SANTA BARBARA COUNTY, Calif. – Santa Barbara County announced Monday that it recently tested positive for Mpox (formerly known as Monkeypox) wastewater.
“The single positive finding of Mpox in Santa Barbara City wastewater in July does not mean that Mpox is spreading in our community,” said Dr. Henning Ansorg, Public Health Officer. “So far Santa Barbara County has had no confirmed cases in 2023 The best way to protect yourself is to get two doses of the Jynneos vaccine. We welcome you to attend our upcoming events offering free Mpox vaccinations .”
The county said the California Department of Public Health has detected Mpox in several cities across the state as they continue to monitor the disease.
County officials are reminding the community that it is important to receive two doses of the Jynneos vaccine for optimal protection against Mpox.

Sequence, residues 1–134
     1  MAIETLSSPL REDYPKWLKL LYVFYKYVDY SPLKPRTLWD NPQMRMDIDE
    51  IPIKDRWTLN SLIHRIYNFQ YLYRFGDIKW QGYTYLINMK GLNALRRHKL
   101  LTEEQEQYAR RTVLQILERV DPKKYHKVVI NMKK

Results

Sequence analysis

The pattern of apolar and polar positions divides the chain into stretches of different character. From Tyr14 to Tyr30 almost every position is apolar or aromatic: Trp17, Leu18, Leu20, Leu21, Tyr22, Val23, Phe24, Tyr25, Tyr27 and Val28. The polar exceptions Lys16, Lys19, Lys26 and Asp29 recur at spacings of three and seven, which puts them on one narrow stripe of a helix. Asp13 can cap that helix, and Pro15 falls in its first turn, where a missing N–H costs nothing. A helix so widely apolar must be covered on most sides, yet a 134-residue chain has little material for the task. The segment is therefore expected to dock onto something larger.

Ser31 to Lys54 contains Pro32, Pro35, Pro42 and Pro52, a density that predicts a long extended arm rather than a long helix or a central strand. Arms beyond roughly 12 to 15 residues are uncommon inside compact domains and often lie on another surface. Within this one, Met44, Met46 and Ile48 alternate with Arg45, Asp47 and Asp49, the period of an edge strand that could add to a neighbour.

“Local data reveals that only about half of Santa Barbara County residents who have received a first dose of Mpox vaccine still need a second dose,” the county commented.
The following information is provided by the county:
Vaccination for Mpox is effective and important not only for you, but also for your partners. Along with vaccination, you can prevent the spread of Mpox by:
- Being aware of and talking to your sexual partner(s) about any recent illness and new unexplained sores or rashes on your or your partner’s body, especially on the genitals and on or around the anus.
- Avoid close contact, including hugging, kissing, cuddling, and sexual activity with people who have symptoms such as sores or rashes. Visit CDPH Mpox Q&A about ways you can reduce your chances of being exposed if you are sexually active.
- Avoid sharing materials (such as towels, fetish equipment, sex toys, and toothbrushes) with someone who has Mpox.
- Wash your hands often with soap and water or an alcohol-based hand sanitizer.
For more information about monkeypox symptoms, prevention, vaccination options and seeking care in Santa Barbara County, visit the County Public Health Monkeypox website.